Your Extension Experts
June 4, 2015
May 19, 2015
May 15, 2015
26 February 1999
Volume 7: no. 2
Baseball is here and the butterflies, at least some of the Sulphurs, have been flitting about on warm days. Moths and beetles have been coming to lights all winter, so some of them probably never went into hibernation at all. One of the questions everybody always asks is about overwintered survival - it's one of the most difficult to answer. The abundance of insects of a particular species is often determined more by spring and summer weather - which affects hosts, than by the harshness of the winter. Many insects have tremendous reproductive capability if factors are favorable to them. A single mating pair of houseflies have the potential for causing a population explosion and covering the earth with fly offspring in a single year. Natural enemies, diseases and abiotic factors hold the populations in check. Many of the thousands of eggs and immature insects are consumed by other insects or animals to serve as their sustenance for survival. Others die from viral, bacterial, or fungal diseases. All are affected by climate - including temperature and rain.
An insect which attacks a pest is referred to as a beneficial. Lady-bird-beetles (ladybugs) are the most commonly known beneficial insects in our area, but there are many more which are also helpful. Lady beetles feed primarily on aphids both as adults and as larvae. The immature larvae looks like a small colorful alligator.
The praying mantis is another beneficial insect which is well known. They begin to emerge from the `ootheca' egg capsule in the spring as small nymphal mantises. As many as 150 to 200 may emerge from a single ootheca, but only a very few will survive to become adults, for they will feed on one another.
Activities for 1999
We have just finished the Mississippi Beekeeping Association Essay Contest. The winners this year were Henry Thompson - 1st place, and Elaina Hagel - 2nd place and Audra Hagel 3rd place. Henry is from Hattiesburg and Elaina and Audra are from Byhalia. They received cash awards from the Mississippi Beekeepers. We had 62 essays this year. This is a good end of the year project for young people. We'll announce the subject of the 2000 essay in early summer. The Mississippi Bee Essay is due December 1.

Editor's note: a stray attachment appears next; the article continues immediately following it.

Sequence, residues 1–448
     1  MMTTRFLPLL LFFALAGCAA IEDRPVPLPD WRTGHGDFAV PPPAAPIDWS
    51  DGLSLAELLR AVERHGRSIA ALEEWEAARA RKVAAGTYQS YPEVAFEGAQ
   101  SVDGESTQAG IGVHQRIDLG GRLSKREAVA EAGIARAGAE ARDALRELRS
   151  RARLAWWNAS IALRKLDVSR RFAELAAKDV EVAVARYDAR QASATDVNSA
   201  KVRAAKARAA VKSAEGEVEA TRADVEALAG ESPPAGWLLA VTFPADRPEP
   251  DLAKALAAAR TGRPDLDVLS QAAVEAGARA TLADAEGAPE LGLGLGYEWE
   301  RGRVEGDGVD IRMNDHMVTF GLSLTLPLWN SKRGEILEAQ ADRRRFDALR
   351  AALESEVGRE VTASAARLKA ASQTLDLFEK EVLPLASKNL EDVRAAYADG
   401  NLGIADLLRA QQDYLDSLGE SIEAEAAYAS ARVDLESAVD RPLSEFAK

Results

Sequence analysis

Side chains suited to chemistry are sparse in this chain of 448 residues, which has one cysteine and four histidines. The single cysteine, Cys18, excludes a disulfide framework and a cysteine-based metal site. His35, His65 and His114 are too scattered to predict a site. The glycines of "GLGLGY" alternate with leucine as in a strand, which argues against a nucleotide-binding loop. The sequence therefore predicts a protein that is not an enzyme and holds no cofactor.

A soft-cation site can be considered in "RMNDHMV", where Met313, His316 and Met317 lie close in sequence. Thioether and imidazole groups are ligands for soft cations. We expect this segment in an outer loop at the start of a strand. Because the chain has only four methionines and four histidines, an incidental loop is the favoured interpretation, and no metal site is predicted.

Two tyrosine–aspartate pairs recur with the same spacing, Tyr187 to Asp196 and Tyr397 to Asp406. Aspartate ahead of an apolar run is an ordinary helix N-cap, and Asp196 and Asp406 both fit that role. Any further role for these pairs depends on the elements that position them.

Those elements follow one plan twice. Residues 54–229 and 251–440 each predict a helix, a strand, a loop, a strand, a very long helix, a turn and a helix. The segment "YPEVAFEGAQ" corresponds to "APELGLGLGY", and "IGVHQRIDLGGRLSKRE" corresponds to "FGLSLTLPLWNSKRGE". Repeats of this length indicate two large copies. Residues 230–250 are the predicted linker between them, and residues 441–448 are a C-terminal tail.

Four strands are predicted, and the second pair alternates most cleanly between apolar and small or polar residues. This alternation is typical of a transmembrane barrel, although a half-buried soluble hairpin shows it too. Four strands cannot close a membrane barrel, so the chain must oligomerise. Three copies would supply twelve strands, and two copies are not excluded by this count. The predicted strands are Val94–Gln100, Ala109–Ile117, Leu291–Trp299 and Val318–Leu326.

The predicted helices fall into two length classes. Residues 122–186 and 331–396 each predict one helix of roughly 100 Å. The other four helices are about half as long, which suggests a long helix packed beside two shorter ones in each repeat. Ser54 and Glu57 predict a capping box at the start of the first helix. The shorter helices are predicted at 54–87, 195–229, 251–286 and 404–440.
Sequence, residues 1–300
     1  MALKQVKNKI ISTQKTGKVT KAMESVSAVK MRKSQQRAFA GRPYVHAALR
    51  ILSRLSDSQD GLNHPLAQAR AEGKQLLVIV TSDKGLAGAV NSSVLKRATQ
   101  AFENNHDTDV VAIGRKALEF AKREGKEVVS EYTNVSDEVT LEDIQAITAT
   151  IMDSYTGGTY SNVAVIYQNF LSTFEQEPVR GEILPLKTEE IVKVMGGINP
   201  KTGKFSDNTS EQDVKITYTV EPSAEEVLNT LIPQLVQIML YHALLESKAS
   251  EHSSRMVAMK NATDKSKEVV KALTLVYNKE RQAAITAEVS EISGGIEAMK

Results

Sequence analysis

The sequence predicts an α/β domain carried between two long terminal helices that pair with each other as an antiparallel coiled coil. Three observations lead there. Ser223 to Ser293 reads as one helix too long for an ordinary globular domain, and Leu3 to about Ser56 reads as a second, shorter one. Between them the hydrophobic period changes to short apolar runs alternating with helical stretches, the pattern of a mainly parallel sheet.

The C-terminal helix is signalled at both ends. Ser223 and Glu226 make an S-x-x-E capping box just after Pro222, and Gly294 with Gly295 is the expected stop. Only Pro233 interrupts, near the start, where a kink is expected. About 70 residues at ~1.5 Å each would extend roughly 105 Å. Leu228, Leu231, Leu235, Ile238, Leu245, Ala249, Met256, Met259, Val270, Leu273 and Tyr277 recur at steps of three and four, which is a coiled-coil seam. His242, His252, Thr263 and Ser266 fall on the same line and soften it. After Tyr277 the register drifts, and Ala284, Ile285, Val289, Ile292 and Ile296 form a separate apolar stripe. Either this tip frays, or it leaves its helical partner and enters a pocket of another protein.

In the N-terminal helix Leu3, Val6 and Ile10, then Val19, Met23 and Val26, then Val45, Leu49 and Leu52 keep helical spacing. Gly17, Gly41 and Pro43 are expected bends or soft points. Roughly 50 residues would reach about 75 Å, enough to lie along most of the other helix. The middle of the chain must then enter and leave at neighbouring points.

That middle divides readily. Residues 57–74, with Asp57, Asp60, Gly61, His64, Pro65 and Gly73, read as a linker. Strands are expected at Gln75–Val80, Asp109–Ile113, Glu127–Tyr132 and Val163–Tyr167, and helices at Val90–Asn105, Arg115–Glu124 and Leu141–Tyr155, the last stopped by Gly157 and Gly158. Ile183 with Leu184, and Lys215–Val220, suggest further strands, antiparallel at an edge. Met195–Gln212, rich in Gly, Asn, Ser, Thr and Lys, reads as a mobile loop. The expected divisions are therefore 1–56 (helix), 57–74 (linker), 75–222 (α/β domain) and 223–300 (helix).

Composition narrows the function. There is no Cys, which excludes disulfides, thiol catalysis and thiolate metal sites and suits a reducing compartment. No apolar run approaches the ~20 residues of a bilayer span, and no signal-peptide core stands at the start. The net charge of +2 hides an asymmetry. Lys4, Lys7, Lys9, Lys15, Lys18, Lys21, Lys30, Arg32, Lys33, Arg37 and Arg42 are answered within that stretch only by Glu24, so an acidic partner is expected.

A number of counties are already preparing for the 4-H Linnaean games. These should prove to be a lot of fun this year as we see some `grudge matches' developing between some of the teams. Senior competition is scheduled for 4-H Club Congress and Juniors will compete during the Project Achievement Days in each district.
Camp is scheduled for June 6-10 at Wall Doxey State Park, Holly Springs. We're planning some different activities with a theme of `It's a bugs life' this year. We already have a number of applications from out of state. It's important that we get your application as early as possible so we can make preparations. An application is enclosed in the Gloworm.
Butterfly Gardens are still very popular. It's also time to get some of your plants started. We planted (in pots) some maypop and also started some zinnias in the last week or so. These will be set out as soon as the threat of frost is past. Parsley, dill and other herbs which are used as larval host plants can also be started and transplanted.
Get outside and enjoy the early spring insects.
Dr. Michael R. Williams
Entomology & Plant Pathology
Mississippi State, MS 39762-9775
phone - 601-325-2085
home - 601-323-5699
FAX - 601-325-8837